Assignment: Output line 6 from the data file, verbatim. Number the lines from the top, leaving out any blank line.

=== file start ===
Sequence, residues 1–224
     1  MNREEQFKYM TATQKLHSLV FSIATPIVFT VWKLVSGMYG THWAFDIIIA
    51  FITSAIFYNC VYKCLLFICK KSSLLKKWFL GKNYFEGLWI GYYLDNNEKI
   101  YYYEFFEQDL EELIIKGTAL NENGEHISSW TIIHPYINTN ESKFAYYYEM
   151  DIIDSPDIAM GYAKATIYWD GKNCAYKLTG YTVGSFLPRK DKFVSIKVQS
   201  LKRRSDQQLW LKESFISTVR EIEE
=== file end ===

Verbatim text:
   201  LKRRSDQQLW LKESFISTVR EIEE